Cooler months can be as tough on plants as they are on us! Follow these tips to ensure your indoor plants not only survive, but thrive!
The shorter days and the lower arc of the sun in the winter months can significantly decrease light conditions indoors. Now is the time to observe how the light conditions change in your space and position your plants in a spot where they can soak up some rays. North-facing rooms for example often get a little more light and experience slightly warmer day time temperatures during winter. In winter, the sun is weaker so your plants will benefit from a couple of hours of direct sunlight in the early morning or late afternoon. The softer, weaker winter sunlight will nurture your plants rather than scorch the leaves as it may in Summer.
Extremes in temperature can be difficult for your plants to cope with. Icy drafts can sneak through gaps and doors. A lot of plants, particularly tropical ones like the fiddle leaf fig, do not like to be reminded that Winter has arrived and do not take kindly to cool drafts. As you dial up the heat to combat the cold weather, the dehydrating effects of a fireplace or heater will also affect your plants. The increased temperatures can change the amount of water a plant requires, so monitor how the plant reacts and change your care and watering habits accordingly. A larger amount of water can be lost through transpiration from the leaves of your plants and evaporation from the potting mix. You may need to treat plants to a light misting to ensure you counter the effects of a drier room.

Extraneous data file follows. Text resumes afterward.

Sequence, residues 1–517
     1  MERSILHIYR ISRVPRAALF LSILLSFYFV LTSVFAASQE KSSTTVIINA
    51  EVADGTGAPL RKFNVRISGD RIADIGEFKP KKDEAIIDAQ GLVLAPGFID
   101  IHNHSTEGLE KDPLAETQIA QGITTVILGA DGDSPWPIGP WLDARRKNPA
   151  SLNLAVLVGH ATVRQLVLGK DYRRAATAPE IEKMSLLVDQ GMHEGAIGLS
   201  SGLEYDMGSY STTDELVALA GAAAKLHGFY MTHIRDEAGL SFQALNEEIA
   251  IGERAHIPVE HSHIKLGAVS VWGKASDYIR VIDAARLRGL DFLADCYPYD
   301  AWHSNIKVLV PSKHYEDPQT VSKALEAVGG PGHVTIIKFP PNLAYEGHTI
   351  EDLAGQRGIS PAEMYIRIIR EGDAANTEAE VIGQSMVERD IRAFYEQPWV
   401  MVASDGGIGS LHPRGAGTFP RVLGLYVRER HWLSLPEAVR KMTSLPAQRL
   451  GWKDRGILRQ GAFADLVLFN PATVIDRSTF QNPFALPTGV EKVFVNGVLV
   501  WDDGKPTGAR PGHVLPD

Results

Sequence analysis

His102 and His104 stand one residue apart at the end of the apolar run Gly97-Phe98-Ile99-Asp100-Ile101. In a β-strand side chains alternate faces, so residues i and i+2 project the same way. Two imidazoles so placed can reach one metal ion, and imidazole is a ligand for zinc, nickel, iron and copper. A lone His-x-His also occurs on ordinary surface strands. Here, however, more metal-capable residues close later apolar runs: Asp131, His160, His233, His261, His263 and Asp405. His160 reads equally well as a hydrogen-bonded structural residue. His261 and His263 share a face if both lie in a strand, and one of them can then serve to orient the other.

Due to the weakened light conditions of Winter, most plants use this time as a resting phase; they slow down their metabolism and stop growth. As such, it’s important to decrease the frequency of watering through the winter months. But beware, as stated above this may not be the case if your plant is subjected to the drying effects of a heater. Best bet is to relocate your plants while the heater is on!